The classic Zen koan “If a tree falls in the forest, and there is no one there to hear it, does it make a sound?” I used to read a lot of Alan Watts and books by various authors about zen buddhism and similar subjects…at this point in my life I prefer not to be influenced in my thinking by reading about “it”…I’ve collected enough “data”…so I just want to do my own thinking and experience my own awareness and insights.
I always held the idea of this koan in mind as a paradox, an unsolvable riddle…that is how I viewed it and I can still see that point of view…but today, it came to mind and it no longer seems paradoxical. Today my answer is , “OF COURSE IT MAKES A SOUND ! ” …the idea that it might fall silently because there is no one there to hear it , seems to me a self-delusion, completely absurd…it says something about how we perceive ourselves as being the center, not only of our own universe, but also projected onto the universe surrounding us…ie the one we live in and are part of and intimately connected to…but to think that the universe we live in depends on us to be what it is …? That’s just plain silly.
@substratum, I don’t know about you, but I am the center of my own universe. Without me to perceive my own existence and the universe around me does any of it really matter? At least to me it wouldn’t. Couldn’t you say the same?
Of course I agree with you in that claiming that something simply does not exist unless we perceive it is a little ridiculous, but perhaps the meaning of the paradox is intended to be taken less literally. If the tree were to make a thunderous crash as it hit the ground, yet there was no one there to hear it, would it really make a difference if the tree were to have hit the ground silently instead?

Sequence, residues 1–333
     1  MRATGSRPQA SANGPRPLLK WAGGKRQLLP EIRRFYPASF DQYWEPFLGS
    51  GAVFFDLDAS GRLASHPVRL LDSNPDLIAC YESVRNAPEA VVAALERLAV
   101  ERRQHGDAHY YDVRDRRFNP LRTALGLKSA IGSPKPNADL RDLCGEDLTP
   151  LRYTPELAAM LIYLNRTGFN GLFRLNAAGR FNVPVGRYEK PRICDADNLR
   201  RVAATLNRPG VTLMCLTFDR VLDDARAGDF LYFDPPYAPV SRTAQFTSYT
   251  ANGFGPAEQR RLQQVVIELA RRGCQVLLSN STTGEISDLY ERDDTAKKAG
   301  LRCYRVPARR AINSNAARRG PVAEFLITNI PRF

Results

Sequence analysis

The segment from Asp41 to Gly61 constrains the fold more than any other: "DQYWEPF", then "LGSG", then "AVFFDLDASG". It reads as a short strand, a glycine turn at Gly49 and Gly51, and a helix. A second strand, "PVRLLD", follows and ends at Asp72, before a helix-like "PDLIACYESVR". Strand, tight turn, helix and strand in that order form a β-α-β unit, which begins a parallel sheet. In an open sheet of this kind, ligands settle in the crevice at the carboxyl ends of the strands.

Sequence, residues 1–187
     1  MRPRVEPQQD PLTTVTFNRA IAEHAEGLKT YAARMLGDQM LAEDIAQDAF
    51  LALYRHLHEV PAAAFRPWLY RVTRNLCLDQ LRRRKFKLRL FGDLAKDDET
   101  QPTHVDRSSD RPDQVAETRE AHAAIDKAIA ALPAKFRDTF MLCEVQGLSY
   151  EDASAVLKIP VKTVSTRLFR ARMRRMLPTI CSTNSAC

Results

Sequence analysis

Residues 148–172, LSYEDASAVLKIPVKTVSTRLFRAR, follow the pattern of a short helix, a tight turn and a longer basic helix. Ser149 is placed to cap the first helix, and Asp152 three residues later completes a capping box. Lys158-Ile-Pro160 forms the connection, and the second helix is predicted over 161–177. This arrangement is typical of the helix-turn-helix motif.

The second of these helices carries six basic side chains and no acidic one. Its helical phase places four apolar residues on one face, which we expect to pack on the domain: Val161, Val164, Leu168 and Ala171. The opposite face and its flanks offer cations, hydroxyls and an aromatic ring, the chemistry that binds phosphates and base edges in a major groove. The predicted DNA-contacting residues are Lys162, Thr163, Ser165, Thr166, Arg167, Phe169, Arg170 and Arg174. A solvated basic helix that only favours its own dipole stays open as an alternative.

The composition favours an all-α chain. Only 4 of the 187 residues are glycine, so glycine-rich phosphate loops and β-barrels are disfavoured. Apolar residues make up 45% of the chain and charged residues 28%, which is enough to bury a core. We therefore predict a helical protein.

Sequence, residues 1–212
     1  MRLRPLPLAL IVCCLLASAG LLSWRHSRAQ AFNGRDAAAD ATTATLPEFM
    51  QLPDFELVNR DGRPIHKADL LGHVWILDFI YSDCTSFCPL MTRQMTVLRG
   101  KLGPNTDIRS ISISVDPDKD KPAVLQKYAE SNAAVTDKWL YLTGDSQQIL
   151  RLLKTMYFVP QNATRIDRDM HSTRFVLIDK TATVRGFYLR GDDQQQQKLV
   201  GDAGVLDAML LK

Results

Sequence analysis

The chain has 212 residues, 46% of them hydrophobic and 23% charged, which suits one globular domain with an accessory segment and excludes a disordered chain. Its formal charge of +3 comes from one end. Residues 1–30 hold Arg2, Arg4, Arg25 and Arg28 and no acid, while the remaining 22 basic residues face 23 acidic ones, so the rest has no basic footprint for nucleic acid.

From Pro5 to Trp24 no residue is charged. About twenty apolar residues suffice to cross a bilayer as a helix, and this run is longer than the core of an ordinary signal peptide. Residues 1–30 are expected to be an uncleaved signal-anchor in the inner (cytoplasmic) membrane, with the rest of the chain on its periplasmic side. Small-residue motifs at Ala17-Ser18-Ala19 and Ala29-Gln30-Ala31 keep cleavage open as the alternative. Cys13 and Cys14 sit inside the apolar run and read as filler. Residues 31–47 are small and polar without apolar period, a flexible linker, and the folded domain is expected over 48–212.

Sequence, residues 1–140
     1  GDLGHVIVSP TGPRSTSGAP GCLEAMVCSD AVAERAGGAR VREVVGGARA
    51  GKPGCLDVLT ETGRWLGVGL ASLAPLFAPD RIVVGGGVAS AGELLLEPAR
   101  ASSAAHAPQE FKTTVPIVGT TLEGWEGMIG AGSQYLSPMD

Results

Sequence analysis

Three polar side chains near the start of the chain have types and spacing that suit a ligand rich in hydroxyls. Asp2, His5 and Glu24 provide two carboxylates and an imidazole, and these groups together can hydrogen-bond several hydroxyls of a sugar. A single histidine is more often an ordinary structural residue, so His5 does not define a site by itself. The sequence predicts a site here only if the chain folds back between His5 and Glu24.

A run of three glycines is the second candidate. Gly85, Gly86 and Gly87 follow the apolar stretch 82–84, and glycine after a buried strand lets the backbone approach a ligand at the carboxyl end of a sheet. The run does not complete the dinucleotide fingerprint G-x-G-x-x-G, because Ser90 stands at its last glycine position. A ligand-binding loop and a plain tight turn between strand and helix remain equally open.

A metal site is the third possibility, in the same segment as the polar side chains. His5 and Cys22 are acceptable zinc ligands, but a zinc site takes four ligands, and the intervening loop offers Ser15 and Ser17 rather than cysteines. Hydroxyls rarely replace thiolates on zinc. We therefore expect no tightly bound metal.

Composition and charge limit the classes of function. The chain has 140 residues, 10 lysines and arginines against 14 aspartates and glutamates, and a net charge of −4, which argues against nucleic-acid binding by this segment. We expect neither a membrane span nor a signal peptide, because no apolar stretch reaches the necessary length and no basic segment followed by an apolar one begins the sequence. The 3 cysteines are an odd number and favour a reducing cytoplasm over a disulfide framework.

Perhaps this paradox is analogous to mankind in that we innately seek approval from those around us for our actions, seeking acknowledgment for the noise that we make in the forest. Having someone around to hear the sound of the tree is what ancient conquerors described as glory and honor. If there is no around to see our amazing feats than do they really matter? You can say that they do, but I would say that being the strongest man or woman in the world means nothing unless there is someone to overpower; the same goes for being the smartest or most attractive.
How can you determine reality to be “real” when the self determining it to be “real” is insubstantial???
there is no tree. there is no you, there are no ears to hear
except that we conceive of them & they are
maybe the tree has a self of its own. It is a living thing after all.
But can a tree hear its own bark shredded, peeled back, cracking
when a tree falls what does the tree feel?
it doesnt have a stomach to catch…
I imagine that a tree feels only the slow syrupy sunshine expanding it &